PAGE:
ZENIT: How did you discover his letters?
Zinner: The letters published in Hungarian in 2010 and in English in 2013 have been found by Somorjai Ádám OSB, my co-author in both books. It is his devotional research in four presidential archives and in the archives of the State Department back in the USA that made these letters available to me, and made the publication of these books possible. Our friendship and professional cooperation started nearly 10 years ago when Reverend Somorjai came to Hungary in connection with the future beatification of József Mindszenty. The present volume is another result of our joint efforts in research and historiography. Some letters by the cardinal were quoted already in our book Majd' halálra ítélve. Dokumentumok Mindszenty József és társai élettörténetéhez (CD melléklettel) [Almost sentenced to death. Documents to the biography of Mindszenty József and his companions (with CD)] in 2008.
ZENIT: What do the letters tell us about the cardinal's courage and wisdom?
Zinner: Paradoxically, the cardinal was safe in his country in his semi-captivity. He paid a high price for his safety as no one outside the walls of the embassy took notice of him, his letters remaining unknown to the public either at home or abroad. The Americans took care of that, for they did not want to become involved in diplomatic difficulties. Although the cardinal spoke in his letters for his beloved nation subdued once again and also for the people of other "captive nations," calling attention to their sad predicament, nobody knew of his efforts. Despite the short oral acknowledgements he received as replies to his letters, he kept bombarding the American establishment with his writings, the ardor of which was sometimes due to the Hungarian tragedy of the dictated peace of Trianon. We think that Mindszenty's courage lay in his justified criticism even of his host, the USA, for not observing the Wilsonian principles after World War I and the Atlantic Charter after World War II, as well as for the misleading news of Radio Free Europe during the events of 1956.
The documents found in the US introduce the cardinal as a freedom-fighter. He fought bitterly also with the Americans for the publication of his memoirs, in order to be able to tell the world his own version of the truth. …His memoirs suffer from lack of precise information but are still a report of the period by an important person. On Dec. 29, 1948, American Ambassador in Budapest Selden Chapin wrote to the secretary of state about the international protest following the Cardinal's arrest, saying (retranslated from Hungarian): "Mindszenty's case should not be treated as an isolated example of the violation of human rights but should be linked with all forms of persecution in order to make his arrest a symbol of crushing human rights. Mindszenty's case is particularly fortunate to be used for this purpose in Eastern Europe as common persons of every denomination whose abstract thinking is greatly restricted to a symbolic presentation of concrete persons and events have always regarded the cardinal as the primary symbol of the western ideas of freedom and of Christian values."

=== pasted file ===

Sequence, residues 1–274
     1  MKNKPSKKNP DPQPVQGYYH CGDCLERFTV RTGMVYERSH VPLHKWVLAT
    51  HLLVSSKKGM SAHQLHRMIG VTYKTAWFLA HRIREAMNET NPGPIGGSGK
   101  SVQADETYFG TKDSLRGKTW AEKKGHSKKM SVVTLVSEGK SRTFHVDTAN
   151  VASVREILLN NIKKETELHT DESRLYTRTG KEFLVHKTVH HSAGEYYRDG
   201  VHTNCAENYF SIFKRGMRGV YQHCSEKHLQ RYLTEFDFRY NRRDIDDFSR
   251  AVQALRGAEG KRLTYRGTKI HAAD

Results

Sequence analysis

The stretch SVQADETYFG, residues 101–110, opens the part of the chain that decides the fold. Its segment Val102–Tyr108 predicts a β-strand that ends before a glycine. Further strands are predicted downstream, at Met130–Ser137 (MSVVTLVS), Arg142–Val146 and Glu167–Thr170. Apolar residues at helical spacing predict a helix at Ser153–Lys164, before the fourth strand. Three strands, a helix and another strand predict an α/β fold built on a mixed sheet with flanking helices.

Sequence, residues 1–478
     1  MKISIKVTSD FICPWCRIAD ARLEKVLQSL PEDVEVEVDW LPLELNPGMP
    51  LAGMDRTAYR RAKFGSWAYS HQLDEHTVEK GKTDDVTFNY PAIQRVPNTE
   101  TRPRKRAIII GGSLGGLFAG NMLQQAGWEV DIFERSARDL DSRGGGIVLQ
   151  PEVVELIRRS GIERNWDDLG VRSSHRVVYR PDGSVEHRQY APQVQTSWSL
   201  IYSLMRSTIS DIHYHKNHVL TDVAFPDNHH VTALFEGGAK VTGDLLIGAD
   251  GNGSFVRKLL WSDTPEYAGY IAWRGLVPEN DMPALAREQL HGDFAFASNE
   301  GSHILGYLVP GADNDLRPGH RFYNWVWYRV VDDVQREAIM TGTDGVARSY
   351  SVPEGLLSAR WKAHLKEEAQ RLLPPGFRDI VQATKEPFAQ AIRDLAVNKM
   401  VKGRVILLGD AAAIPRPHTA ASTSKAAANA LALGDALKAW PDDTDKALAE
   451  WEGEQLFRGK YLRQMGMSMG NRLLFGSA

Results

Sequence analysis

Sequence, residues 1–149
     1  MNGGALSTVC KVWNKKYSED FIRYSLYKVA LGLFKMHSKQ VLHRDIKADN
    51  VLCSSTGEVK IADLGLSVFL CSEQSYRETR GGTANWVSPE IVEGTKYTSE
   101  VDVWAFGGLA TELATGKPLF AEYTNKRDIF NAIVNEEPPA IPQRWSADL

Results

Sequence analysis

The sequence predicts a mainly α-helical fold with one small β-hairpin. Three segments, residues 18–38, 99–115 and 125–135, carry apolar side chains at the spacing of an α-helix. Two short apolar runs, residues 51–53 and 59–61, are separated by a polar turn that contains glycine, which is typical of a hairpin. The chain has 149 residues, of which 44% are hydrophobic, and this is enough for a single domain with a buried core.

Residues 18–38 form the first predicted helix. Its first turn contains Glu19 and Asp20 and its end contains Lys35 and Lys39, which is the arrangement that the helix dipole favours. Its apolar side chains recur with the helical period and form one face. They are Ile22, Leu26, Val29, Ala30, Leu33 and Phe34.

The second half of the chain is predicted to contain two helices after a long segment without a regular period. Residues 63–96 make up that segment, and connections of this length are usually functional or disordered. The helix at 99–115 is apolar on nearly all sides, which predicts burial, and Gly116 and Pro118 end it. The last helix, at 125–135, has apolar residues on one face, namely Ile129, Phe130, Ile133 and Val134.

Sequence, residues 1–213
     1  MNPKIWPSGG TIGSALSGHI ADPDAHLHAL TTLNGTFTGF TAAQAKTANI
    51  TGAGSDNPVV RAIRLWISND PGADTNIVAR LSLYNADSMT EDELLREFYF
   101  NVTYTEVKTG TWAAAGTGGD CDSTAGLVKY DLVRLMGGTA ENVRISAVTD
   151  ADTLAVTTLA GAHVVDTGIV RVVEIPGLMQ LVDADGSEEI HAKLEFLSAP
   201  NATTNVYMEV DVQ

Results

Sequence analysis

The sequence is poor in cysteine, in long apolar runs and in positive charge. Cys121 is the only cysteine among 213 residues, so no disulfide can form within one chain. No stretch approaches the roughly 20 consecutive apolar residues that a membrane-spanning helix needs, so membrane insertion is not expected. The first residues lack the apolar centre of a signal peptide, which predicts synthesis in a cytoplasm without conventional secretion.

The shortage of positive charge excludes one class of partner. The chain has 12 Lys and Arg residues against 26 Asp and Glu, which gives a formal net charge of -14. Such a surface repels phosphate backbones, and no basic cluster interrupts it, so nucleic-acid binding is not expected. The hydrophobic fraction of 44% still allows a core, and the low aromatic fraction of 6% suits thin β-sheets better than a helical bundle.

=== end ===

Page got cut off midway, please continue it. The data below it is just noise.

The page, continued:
ZENIT: What lessons can we learn from him today?
Zinner: Chapin was right, but the world had changed by the autumn of 1956. It took a week after the beginning of the revolution for patriots of Felsőpetény and from other parts of the country to remember the cardinal in his house arrest. No one among the political elite or the responsible figures of the day did so. However, these people did not forget the Roman Catholic Primate of Hungary in 1945-48 despite years of degrading propaganda and two severe judgements leading to his imprisonment – the man who was to write 117 letters to American presidents and leading diplomats between Nov. 4, 1956, and late July 1971, the man who, having read in the Hungarian and international press about the horrors of the Kádárian reprisals did not fail to give voice to his protest. In almost all of his 63 letters sent to Washington before the general amnesty of late March 1963, he urged for intervention in the interest of the persecuted.
Finally, let me quote a characteristic passage from a letter by Cardinal Mindszenty to President Eisenhower, written on June 23, 1960, in his gilded cage on the Budapest Szabadság (Freedom) Square: "Today nothing is more important (and perhaps it is not too late) for mankind than that its leaders and the led should learn what bolshevism is in the way that we, its poor, wretched satellites have experienced in body and soul. This great lesson can equal the Declaration of Independence in its effect. …"